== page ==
Album Covers, Albums Of The 1970s, Single Covers, Singles Of The 1970s, Busty, Outdoors, Not Safe For WorkIn The City is where The Jam apparently are. That being said, the original front cover artwork for their album and single of the same name, shows us only that they are standing in front of a tiled wall. This could be in the city, or could easily be somewhere else. On the remix we find a babe who is definitely in the city, as you can tell by all the skyscrapers that are next to the roof of the building she is standing on. Hat!
Aloe Blacc must have spent all his money on the suit and tie he is wearing on the original artwork for the front cover of his single. Why do we know this, because he tells us that I Need A Dollar. On the remix is a babe who already has quite a few dollars, but it looks as if she may need a few more, as she hasn't been able to afford to buy all of the dress she is wearing, as there is a large gaping hole in the front of it. It looks like there are plenty of offers of a dollar going her way though so she should be able to buy a new dress soon. Bra!
Lift your Hands To Heaven, that seems to be the general idea of this song by Breathe. Though if it is the original front cover artwork of the single that is to be used as a guide, it's more about putting your hands on the side of your head. On the remix is a babe illustrating how it should be done, with her hands raised squarely towards heaven. Shame she forgot to get fully dressed when demonstrating this. Vertical!
Who gives love a bad name? You Give Love A Bad Name, at least according to Bon Jovi you do. The pouting face of the band on the front cover of the single are flaunting that message at you. On the remix we find a teacher, who gives love a very bad name, which, if the writing on the blackboard is to be believed, is Mrs Squelchiblubber. That name is very fitting for her, and would definitely be considered a very bad name for love. Silver!
What does a Graffiti Soul look like? Well, according to the original album front cover artwork by Simple Minds, it is the title of the song, and the name of the album in a sans-serif font, with some scribbled version of the album name in the background. The remix has the same font, but in the background is some graffiti and, for no particular reason, a nearly naked babe, other than for her high heels. Bangle!
Album Covers, Albums Of The 1970s, Single Covers, Singles Of The 1970s, Busty, High Heels, Outdoors, Not Safe For WorkIt's time to catch the Trans-Europe Express with Kraftwerk. On the original album front cover (and the single of the same name) the four band members are looking into space for no apparent reason. Now we know what you're thinking, but no, we haven't used a trans-gender picture on the remix, instead there is a busty babe astride a railway line. This seems like a silly place to sit, especially wearing nothing but green high heels, but perhaps that's what makes the driver of the train go faster. Express!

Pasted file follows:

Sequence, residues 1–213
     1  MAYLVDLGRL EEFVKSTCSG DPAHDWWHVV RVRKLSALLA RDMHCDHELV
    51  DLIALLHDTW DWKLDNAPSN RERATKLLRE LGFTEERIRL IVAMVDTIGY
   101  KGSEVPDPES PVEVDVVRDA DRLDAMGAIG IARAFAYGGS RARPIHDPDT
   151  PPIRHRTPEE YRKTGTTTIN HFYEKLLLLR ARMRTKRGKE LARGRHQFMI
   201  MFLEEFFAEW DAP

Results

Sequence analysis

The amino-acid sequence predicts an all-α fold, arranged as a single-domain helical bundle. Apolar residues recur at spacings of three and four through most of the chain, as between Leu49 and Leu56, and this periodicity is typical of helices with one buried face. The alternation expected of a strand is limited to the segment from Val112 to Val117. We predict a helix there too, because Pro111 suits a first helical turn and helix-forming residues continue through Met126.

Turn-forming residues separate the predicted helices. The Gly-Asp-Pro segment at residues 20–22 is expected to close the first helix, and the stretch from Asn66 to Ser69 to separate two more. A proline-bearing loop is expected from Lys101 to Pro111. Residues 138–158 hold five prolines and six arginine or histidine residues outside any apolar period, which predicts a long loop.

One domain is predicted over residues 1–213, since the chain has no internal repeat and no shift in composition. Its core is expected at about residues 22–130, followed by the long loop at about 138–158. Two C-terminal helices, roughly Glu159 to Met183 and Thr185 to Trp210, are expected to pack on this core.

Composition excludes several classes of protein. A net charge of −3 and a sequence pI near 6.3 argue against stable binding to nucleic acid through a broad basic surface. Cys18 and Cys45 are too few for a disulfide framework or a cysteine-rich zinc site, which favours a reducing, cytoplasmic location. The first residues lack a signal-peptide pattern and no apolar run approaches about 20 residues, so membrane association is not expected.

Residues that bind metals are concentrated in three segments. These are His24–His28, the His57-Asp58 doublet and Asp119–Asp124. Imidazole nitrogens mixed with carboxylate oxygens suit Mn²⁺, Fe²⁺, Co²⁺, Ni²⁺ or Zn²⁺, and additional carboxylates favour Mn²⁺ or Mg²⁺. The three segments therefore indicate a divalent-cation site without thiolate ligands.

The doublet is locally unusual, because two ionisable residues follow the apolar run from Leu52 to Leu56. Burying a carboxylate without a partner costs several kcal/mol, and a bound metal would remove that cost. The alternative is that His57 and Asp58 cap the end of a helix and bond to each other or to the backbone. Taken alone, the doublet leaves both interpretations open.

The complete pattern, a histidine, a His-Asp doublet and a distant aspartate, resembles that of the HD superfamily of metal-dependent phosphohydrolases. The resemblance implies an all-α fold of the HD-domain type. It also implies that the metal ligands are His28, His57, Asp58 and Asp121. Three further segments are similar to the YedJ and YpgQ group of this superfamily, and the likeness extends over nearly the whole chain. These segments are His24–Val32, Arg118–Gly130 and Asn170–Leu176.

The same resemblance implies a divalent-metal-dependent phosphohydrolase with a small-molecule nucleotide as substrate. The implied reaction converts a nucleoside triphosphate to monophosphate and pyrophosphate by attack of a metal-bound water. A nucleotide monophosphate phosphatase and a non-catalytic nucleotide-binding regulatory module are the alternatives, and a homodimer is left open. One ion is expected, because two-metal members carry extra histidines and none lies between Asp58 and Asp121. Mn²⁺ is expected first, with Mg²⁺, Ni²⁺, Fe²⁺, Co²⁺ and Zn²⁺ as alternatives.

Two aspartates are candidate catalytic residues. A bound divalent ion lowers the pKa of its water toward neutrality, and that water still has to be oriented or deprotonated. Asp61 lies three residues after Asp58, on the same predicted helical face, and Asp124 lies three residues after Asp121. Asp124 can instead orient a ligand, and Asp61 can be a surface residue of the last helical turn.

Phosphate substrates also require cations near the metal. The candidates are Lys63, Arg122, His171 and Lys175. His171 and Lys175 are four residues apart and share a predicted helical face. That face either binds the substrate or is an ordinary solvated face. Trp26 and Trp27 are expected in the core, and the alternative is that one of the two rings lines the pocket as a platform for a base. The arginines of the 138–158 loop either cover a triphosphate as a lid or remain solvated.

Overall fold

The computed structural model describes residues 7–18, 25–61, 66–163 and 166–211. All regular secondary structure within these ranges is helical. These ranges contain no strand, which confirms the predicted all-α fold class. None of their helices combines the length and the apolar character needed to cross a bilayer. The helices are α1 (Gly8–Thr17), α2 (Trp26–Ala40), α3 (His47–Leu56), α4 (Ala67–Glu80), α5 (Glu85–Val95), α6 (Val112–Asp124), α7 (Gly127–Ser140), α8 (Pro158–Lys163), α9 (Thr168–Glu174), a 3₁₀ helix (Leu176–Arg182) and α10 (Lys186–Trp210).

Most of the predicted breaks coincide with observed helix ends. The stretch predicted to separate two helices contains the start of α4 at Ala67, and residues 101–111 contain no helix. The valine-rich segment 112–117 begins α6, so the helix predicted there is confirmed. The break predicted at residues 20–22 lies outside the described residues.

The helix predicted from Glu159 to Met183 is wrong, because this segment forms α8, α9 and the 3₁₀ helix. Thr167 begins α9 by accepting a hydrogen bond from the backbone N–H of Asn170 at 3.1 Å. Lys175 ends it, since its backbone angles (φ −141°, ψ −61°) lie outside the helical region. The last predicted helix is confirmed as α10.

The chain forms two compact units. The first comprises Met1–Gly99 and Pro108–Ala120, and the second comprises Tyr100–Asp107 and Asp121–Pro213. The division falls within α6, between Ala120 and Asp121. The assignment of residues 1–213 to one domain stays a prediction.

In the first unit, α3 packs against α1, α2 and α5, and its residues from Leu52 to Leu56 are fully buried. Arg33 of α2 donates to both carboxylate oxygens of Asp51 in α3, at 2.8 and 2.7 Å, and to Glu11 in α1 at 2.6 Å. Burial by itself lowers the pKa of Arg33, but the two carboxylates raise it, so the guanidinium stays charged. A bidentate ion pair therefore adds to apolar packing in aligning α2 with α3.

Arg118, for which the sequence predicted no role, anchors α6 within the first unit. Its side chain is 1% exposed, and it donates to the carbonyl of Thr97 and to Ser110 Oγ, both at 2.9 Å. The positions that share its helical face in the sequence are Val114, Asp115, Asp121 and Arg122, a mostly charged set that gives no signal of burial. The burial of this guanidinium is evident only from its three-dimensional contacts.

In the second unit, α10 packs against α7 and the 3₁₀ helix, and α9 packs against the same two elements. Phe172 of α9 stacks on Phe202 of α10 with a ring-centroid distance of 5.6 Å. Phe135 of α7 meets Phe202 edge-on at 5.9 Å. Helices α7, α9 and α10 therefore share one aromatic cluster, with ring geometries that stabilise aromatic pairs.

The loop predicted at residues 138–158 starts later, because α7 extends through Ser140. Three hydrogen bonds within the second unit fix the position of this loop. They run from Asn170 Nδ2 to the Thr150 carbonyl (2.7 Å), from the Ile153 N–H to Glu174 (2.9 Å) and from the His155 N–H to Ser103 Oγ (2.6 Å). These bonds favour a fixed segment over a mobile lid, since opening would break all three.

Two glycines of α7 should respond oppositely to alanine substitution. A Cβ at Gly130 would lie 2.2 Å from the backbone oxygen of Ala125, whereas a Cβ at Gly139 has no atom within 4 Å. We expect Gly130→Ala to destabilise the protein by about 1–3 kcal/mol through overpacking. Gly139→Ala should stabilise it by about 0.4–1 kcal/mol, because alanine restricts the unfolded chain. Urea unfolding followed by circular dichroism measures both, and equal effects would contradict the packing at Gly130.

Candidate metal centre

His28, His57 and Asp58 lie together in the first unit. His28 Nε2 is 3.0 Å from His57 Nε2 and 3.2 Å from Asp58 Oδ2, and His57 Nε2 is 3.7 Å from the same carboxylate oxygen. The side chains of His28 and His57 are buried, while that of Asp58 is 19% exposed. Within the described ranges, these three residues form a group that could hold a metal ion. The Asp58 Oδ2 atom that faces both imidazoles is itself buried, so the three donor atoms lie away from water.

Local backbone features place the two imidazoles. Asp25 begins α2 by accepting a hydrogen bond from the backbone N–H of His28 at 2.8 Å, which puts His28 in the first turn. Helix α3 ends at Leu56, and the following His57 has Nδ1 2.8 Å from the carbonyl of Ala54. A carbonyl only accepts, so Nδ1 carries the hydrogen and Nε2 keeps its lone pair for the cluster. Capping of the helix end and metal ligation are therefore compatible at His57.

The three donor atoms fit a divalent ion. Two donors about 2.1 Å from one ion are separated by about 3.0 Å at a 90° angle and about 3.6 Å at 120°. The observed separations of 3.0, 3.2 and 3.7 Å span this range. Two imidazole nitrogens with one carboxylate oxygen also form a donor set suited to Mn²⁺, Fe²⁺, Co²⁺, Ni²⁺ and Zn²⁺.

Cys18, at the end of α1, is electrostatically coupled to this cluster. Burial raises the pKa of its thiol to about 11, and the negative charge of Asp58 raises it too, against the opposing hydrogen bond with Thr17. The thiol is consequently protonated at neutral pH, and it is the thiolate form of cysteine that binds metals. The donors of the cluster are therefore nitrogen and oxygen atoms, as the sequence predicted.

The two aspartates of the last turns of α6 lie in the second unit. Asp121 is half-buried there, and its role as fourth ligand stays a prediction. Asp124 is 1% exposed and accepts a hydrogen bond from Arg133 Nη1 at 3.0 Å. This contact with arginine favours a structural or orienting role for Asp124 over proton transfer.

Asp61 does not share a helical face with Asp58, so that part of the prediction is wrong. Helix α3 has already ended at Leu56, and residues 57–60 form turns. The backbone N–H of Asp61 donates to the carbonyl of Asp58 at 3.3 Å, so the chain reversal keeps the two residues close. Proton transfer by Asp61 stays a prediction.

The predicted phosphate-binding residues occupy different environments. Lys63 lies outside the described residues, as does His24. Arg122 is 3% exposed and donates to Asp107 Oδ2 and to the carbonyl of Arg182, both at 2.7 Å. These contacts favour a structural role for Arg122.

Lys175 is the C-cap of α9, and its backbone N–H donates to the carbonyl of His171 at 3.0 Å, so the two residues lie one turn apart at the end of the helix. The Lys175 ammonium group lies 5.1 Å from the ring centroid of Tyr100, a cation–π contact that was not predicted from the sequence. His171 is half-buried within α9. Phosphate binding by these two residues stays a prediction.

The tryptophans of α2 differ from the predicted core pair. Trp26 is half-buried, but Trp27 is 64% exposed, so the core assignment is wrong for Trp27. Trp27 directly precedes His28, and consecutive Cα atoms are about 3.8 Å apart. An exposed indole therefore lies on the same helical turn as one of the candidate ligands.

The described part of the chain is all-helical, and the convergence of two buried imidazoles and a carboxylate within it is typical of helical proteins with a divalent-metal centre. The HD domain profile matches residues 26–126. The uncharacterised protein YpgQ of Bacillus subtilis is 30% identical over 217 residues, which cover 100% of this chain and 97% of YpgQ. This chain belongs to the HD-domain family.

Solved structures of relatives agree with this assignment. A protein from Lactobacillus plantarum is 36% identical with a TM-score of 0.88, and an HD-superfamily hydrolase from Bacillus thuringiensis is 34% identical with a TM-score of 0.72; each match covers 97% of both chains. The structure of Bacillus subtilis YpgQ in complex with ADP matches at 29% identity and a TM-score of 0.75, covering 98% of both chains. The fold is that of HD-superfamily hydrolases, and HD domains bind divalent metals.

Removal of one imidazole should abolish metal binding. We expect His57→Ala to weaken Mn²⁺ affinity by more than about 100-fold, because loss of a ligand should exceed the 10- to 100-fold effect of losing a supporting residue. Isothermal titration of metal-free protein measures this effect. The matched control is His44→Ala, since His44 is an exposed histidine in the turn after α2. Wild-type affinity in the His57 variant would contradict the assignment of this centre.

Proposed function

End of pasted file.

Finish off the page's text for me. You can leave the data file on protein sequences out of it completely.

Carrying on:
Continuing the train theme (for not particular reason), we find ourselves on the Last Train To London courtesy of the Electric Light Orchestra, a.k.a. ELO (to use an acronym or two). What do ELO expect to find on the last train? It seems that the answer is a 'simon says...' type space-ship. We, at AllBum.Art think that a naked babe in a railroad yard is much more likely. Well, in the world we inhabit it would be. Steaming!
This Is How We Do It, says Montell Jordan. But what is how you do it? The only advice given by the original cover is on how to look a bit pouty in black and white. The remix offers more salient advice. In it we see a pregnant babe who is showing us how she got into that state, or at least offering advice on how to do it. So that is how it is done. Who would have guessed? Mr Jordan? Maybe!
Another classic '80s song, and an equally classic '80s cover artwork. The cover of Jump (For My Love) by the Pointer Sisters is very colorful, but does not show the sisters. Nor is any jumping evident though stretching the imagination a little, it could be suggested that the uppy-downy nature of the letters of the word jump are somehow meant to reflect an uppy-downy movement. How would you like sisters to jump for your love? Well naked of course and especially uppy-downy! Trampoline!
Who knew that Aerosmith were making records in the 1970s? Well, for one, they did, obviously. This is the remix for the cover of the single Walk This Way, which is perhaps more famous for the remix done with Run DMC. On the original cover of the original single, we see the band on stage in some sodium lamp lit confusion. On the remix we see two babes showing exactly how walking this way should be done, and that is naked - and on a street corner. Perambulate!